As shown in FIG. 3, the extracted bone marrow aspirate 4 is extracted from the syringe 3 (FIG. 2) into a sterile mixing bowl or prep tray 5 with a biomaterial, such as a collagen patch, sold by Arthrex, Inc., under the tradename BioSponge™, and the collagen patch is hydrated with the extracted BMA. A clotting agent such as calcium salts and/or thrombin may be optionally added to the prep tray to initiate a clotting cascade.
Alternatively, the harvested bone marrow 4 may be separated and concentrated using a centrifugation technique. First, the bone marrow 4 must be transferred to a centrifuge tube (not shown) then centrifuged at various speeds and times (i.e., 1100 rcf for 6 minutes). The red blood cells are discarded and the buffy coat and plasma fractions are retained. Next, a biomaterial like a collagen patch, allograft patch, demineralized bone matrix (“DBM”), or synthetic material is added into the retained fraction of bone marrow. For example, a 10% calcium chloride solution is added to the fractionated blood at a 1:50 v/v ratio. The plasma, buffy coat, biomaterial, and calcium chloride mixture are then centrifuged a second time (e.g., 1500 rcf for 15 minutes). A clot then adheres to the patch.
In an alternate embodiment, the extracted BMA may be transferred and delivered using an end-to-end syringe. FIG. 4 illustrates the direct transfer of BMA 4 into a second syringe 6 filled with DBM. Alternatively, as shown in FIG. 5, BMA 4 may be transferred into an empty screw top syringe 7. As illustrated in FIGS. 6 and 7, the BMA 4 forms a clot 8, once a clotting agent is added, in the second syringe 6 after 2-40 minutes, depending on clotting agent. The clot 8 is then delivered to the injured tissue or to a collagen patch.
The screw top syringe 7 (FIG. 5) is advantageous for BMA 4 transfer because it has a twist off cap that allows a surgeon to remove the clot 8 and add any types of biomaterial to the syringe. This syringe 7 can also be centrifuged. The clot/biomaterial composite is then delivered to the injured tissue to help promote healing.
Another alternate embodiment provides the use of a double syringe 9 as shown in FIG. 8 to transfer and deliver the extracted BMA 4 (FIG. 3). The double syringe 9 comprises an inner syringe 9 b and an outer syringe 9 a. As shown in FIG. 9, a butterfly-cannula 10 is attached to a hole 9 a′ of the double syringe 9. The double syringe 9 is used to aspirate the bone marrow by moving the inner syringe 9 b away from the hole 9 a′, as illustrated in FIG. 10. An anticoagulant, for example, heparin, sodium citrate, citrate or phosphate dextrose, is added to the bone marrow to keep it from clotting. The butterfly-cannula 9 (FIG. 9) is then replaced by a luer lock cap 11 and the syringe 9 is centrifuged to separate the plasma 12 from the red blood cells 13, as shown in FIG. 11. Next, as shown in FIG. 13, the plasma 12 is transferred into the smaller syringe 9 b by moving the piston 9 b′ away from the outer syringe 9 a. Once the transfer is complete as shown in FIG. 13, the double syringe 9 is separated by removing the inner syringe 9 b as shown in FIG. 14. The plasma 12 can then be used to form a clot as discussed in detail above. Then, the clot can be delivered to the injured tissue, an allograft (AlloBridge™), or to a collagen patch (BioSponge™).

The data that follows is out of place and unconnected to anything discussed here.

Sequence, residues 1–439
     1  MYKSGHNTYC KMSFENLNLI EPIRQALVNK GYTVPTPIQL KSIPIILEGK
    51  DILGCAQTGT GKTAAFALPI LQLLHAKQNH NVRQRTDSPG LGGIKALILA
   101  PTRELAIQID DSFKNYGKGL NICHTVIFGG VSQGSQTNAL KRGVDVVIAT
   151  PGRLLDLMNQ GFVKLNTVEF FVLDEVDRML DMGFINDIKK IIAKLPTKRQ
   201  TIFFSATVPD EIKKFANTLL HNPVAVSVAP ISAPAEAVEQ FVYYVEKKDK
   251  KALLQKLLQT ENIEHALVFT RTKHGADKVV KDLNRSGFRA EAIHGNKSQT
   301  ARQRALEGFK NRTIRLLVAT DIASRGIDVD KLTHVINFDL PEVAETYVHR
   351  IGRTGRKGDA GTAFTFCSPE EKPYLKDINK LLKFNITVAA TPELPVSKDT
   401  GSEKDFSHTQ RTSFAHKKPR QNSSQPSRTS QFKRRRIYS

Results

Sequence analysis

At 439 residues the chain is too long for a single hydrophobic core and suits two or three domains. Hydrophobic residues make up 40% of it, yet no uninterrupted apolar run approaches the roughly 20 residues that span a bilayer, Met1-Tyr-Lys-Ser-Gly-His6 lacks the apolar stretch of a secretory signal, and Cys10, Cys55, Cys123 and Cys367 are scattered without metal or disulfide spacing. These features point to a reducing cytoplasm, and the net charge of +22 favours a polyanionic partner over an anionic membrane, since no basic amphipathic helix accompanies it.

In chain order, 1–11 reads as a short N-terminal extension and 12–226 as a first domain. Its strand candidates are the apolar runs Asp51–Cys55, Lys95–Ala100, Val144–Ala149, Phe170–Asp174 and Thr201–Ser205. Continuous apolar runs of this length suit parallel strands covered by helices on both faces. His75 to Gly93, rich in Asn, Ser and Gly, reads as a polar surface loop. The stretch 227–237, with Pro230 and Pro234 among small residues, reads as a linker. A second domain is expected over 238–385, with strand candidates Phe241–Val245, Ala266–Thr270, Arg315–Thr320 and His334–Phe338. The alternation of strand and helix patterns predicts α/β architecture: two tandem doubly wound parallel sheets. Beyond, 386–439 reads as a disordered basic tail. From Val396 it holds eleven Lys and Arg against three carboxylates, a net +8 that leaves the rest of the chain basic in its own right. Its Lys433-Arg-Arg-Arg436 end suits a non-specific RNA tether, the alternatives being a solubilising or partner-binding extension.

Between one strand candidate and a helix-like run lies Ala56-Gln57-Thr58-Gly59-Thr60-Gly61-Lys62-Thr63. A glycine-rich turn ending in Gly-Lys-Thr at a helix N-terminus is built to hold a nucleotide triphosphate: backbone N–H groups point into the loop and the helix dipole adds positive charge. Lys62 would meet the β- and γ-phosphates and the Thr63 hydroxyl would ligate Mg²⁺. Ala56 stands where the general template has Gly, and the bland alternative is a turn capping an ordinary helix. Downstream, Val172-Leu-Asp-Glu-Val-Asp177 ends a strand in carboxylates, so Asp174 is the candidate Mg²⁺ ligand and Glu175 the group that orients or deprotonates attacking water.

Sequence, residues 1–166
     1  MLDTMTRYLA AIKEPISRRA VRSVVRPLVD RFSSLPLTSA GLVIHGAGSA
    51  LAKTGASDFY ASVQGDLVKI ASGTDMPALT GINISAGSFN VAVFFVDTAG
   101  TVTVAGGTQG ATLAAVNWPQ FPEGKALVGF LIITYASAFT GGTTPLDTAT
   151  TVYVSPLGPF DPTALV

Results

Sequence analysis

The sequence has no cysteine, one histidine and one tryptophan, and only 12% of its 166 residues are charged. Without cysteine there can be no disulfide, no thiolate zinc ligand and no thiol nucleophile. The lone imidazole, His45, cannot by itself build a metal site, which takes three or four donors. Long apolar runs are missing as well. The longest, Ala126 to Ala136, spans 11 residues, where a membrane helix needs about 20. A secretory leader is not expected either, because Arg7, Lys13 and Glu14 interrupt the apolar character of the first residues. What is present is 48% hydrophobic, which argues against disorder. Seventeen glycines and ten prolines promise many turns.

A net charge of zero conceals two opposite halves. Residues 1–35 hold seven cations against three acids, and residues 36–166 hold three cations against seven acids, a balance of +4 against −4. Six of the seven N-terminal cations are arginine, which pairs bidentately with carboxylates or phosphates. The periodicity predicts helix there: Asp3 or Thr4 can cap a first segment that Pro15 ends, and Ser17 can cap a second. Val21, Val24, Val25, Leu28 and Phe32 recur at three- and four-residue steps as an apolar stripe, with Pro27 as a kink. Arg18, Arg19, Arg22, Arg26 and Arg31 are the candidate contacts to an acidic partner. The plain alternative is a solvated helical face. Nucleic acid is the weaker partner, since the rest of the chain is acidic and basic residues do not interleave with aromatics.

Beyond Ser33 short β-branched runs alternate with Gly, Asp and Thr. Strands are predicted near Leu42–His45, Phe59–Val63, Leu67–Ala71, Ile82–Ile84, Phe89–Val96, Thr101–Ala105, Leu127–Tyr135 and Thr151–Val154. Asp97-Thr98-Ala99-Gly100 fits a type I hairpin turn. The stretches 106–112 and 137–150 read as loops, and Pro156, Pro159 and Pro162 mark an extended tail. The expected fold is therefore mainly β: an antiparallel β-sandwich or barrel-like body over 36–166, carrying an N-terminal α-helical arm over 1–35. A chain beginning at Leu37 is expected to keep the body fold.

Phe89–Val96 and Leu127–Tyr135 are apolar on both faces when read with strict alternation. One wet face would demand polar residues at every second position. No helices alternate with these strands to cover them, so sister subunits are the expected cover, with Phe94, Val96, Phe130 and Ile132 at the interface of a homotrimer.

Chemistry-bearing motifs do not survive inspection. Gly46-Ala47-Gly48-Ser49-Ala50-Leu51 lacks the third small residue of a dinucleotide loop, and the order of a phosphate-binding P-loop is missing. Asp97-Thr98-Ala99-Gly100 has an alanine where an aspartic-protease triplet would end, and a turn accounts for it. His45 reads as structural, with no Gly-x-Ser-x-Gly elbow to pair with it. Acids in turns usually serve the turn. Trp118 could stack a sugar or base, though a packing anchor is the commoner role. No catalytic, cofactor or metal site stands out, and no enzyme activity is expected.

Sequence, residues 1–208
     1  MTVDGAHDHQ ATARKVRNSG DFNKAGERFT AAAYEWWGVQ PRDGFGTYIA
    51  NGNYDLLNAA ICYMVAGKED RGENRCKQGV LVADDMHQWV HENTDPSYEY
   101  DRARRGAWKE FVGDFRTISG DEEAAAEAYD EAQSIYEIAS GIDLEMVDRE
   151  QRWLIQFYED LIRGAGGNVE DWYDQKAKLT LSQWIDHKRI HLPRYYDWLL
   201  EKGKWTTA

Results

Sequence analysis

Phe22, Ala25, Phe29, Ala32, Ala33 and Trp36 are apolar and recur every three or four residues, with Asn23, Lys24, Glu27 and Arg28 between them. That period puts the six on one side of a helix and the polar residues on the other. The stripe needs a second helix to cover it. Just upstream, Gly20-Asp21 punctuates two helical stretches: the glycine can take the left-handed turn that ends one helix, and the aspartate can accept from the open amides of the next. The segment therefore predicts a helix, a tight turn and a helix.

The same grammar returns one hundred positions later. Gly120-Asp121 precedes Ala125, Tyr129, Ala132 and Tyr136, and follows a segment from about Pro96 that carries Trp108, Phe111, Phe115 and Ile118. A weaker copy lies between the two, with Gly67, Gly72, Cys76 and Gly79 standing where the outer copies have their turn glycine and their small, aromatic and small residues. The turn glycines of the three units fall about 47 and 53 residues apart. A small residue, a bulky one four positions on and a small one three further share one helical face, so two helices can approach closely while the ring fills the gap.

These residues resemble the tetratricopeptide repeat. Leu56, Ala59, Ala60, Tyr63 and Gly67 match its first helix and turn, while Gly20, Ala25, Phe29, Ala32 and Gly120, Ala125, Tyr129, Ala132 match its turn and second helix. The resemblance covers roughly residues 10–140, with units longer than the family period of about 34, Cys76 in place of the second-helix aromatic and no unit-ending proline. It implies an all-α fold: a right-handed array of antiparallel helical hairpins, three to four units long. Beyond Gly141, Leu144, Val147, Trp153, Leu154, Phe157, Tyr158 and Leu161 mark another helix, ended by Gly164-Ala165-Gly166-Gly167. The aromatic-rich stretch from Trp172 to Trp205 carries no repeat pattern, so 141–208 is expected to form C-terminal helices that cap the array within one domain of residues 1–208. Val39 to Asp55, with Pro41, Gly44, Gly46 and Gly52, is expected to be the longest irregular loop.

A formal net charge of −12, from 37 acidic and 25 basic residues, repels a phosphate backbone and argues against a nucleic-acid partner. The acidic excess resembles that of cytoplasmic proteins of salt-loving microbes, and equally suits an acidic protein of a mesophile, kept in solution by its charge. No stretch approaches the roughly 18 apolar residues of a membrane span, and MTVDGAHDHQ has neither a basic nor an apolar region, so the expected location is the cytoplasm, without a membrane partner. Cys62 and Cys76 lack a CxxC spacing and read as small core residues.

In yet another embodiment, the double syringe 9 is used to aspirate the bone marrow by moving the inner syringe 9 b away from the hole 9 a′, as illustrated in FIG. 10. A clotting agent, for example, calcium salt or thrombin, is added to the bone marrow to form a clot. The butterfly-cannula 9 (FIG. 9) is then replaced by a luer lock cap 11 and the syringe 9 is centrifuged to separate the serum (not shown). The serum can then be delivered to the injured tissue, an allograft (AlloBridge™), or to a collagen patch (BioSponge™).
Referring now to FIGS. 15-16, the hydrated collagen patch 250, 350 can be positioned under or above a tissue 101, depending upon the characteristics of the repair site and of the damaged tissue. Various techniques may be used to re-attach the tissue 101 and hydrated collagen patch 250, 350. One reattachment technique is the SutureBridge™ Technique, recently introduced by Arthrex, Inc., which is described in U.S. patent application Ser. No. 11/700,916 filed on Feb. 1, 2007 (Attorney Docket No.: A8130.0493/P493), the disclosure of which is hereby incorporated by reference in its entirety. The BMA-hydrated collagen patch 250, 350 helps to promote healing and re-attachment of the tissue to bone, and is eventually incorporated into the cellular tissue.
In the SutureBridge™ Technique, two pilot holes (not shown) are formed in an articular margin of the humerus. Subsequently, two suture anchors 102 are placed in the two pilot holes (not shown) in a medial row. Two pilot holes 103 for the knotless fixation devices 104 are formed approximately 5-10 mm distal to the lateral edge of the greater tuberosity. Sutures 100 in a criss-cross arrangement, over the collagen patch 250, 350, are held by the suture anchors 102 and the knotless fixation devices 104.